Updates on the workplace debate in the Senate

The Second Reading vote on the Workplace Relations (Work Choices) Bill was brought on at 12 noon. The vote passed by 36-34, with all Government Senators in favour, and all Labor, Democrat, Green and Family First Senators voting against.

The debate now moves on to what is known as the Committee Stage, where amendments can be moved and debated. As mentioned here, there is a total of 471 amendments on 155 pages. The 98 pages of 337 government amendments were not provided to the Senate until 11.20am, only 45 minutes before we were forced to start considering them.

Senator Andrew Murray is attempting attempted to get the debate deferred until next week so the Senate Committee can reconvene to consider these amendments. It would only take a single Government Senator to agree with this for it to happen, but I assume he will be he was unsuccessful.

Debate on the amendments will stop for Question Time at 2pm, and then recommence at 3.45pm. After adjourning tonight at 11pm, it will resume tomorrow and be forced to a final Third reading vote at 6pm on Friday.

Because the Bill will be amended in some form, it will need to go back to the House of Representatives, so the final vote to turn this all into law will happen there on Monday afternoon.

Some snippets from the debate so far:

(*) At 1pm, the Government Minister handling the debate, Senator Abetz, informed the Senate that the supplementary Explanatory Memorandum to go with the government’s 337 amendments would “be available about dinnertime tonight”.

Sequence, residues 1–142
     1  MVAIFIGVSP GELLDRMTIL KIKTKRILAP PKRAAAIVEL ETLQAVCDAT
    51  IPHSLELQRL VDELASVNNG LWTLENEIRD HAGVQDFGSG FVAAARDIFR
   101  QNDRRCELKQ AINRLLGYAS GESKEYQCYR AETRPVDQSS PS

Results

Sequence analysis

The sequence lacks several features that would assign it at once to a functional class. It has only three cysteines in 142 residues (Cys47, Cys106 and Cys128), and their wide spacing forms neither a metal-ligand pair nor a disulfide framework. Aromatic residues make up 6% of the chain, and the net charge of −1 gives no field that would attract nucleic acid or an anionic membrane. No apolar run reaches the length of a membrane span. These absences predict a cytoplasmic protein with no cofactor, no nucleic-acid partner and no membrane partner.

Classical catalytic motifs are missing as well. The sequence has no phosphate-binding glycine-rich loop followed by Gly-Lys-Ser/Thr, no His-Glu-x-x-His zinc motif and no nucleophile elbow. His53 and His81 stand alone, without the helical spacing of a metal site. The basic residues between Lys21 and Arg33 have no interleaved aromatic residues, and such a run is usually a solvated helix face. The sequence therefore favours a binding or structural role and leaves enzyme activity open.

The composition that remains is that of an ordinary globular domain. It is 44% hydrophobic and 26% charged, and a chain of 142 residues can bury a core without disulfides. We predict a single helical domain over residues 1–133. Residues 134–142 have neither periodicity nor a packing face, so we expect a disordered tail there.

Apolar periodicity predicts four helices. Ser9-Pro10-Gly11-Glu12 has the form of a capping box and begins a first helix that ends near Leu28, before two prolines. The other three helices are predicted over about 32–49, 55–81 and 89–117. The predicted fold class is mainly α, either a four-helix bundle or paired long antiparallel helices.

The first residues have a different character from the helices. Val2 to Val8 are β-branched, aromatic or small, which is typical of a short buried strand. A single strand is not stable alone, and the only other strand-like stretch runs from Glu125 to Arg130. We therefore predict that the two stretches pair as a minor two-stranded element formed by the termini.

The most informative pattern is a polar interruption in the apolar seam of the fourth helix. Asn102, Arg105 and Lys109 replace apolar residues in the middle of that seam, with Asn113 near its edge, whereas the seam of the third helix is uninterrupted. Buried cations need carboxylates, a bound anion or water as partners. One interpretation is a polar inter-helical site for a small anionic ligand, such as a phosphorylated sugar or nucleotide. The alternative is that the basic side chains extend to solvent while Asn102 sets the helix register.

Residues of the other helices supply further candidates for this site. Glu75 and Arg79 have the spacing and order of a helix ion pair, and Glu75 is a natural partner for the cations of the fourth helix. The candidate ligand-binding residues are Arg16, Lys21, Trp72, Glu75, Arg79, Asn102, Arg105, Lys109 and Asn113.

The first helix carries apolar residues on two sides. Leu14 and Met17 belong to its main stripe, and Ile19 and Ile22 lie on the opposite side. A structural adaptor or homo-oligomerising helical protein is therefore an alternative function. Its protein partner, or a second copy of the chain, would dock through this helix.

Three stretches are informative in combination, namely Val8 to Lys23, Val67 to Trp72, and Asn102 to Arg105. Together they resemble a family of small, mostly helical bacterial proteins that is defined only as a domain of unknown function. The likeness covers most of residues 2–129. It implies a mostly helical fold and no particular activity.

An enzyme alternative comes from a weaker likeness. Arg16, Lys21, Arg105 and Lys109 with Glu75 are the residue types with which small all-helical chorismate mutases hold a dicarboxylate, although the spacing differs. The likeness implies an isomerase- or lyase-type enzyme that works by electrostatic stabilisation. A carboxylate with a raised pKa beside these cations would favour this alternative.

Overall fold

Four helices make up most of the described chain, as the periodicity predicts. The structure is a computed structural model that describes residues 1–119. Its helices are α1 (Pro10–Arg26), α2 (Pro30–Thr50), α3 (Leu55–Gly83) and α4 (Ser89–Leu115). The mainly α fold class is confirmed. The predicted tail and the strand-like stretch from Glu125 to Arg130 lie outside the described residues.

(*) Some details of an exchange on whether or not the new Fair Pay Commission will actually be required to be fair:

Senator WONG (ALP, South Australia) (1.21 pm)—I want to ask this first: why is it that there is no reference to fairness in the wage setting parameters of the Australian Fair Pay Commission? Can the government really expect the Australia people to believe that this is about fair pay, despite calling the commission the Australian Fair Pay Commission, when it is not including fairness in the parameters to which this body has regard when it sets the working conditions and wages of Australians?

Senator ABETZ (Tasmania—Special Minister of State) (1.21 pm)—You can have fairness without actually saying it. We have called the commission the Australian Fair Pay Commission because that is in fact what we want it to do. What we would assert is that fairness is implicit in each of the legislative parameters for the AFPC. It is fair to make further inroads into unemployment; it is fair to promote employment and competitiveness across the economy; it is fair that a safety net for the low paid is maintained; it is fair to ensure that juniors, apprentices, trainees and workers with disabilities are competitive in the labour market. Inherent within everything that we are doing is making the workplace a fairer and a more flexible place where people can come to agreements between themselves without having the dead hand of a third party that may well be disengaged from those workers determining their future.

Senator MURRAY (Democrat, Western Australia) (1.23 pm)—On the same point, am I to understand that the minister is therefore saying that the issue of fairness in the Fair Pay Commission’s decisions is justiciable?

Senator ABETZ (Tasmania—Special Minister of State) (1.23 pm)—As I understand it, the answer is no.

(*) a couple of comments on the fact that you may now be required to work on Christmas Day without penalty rates or other compensation: